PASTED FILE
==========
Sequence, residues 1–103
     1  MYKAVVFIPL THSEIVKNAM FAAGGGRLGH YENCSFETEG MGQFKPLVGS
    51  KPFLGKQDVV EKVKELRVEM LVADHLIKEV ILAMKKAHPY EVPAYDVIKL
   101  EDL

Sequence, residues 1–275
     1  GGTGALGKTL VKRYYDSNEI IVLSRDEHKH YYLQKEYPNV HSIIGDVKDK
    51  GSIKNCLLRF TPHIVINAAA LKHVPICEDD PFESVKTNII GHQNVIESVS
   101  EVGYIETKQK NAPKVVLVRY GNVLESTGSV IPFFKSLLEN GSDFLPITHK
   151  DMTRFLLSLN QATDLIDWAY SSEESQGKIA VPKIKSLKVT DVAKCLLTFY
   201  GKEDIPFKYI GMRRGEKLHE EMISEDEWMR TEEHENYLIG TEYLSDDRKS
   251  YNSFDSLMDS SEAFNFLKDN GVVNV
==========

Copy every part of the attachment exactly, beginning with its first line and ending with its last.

Sequence, residues 1–103
     1  MYKAVVFIPL THSEIVKNAM FAAGGGRLGH YENCSFETEG MGQFKPLVGS
    51  KPFLGKQDVV EKVKELRVEM LVADHLIKEV ILAMKKAHPY EVPAYDVIKL
   101  EDL

Sequence, residues 1–275
     1  GGTGALGKTL VKRYYDSNEI IVLSRDEHKH YYLQKEYPNV HSIIGDVKDK
    51  GSIKNCLLRF TPHIVINAAA LKHVPICEDD PFESVKTNII GHQNVIESVS
   101  EVGYIETKQK NAPKVVLVRY GNVLESTGSV IPFFKSLLEN GSDFLPITHK
   151  DMTRFLLSLN QATDLIDWAY SSEESQGKIA VPKIKSLKVT DVAKCLLTFY
   201  GKEDIPFKYI GMRRGEKLHE EMISEDEWMR TEEHENYLIG TEYLSDDRKS
   251  YNSFDSLMDS SEAFNFLKDN GVVNV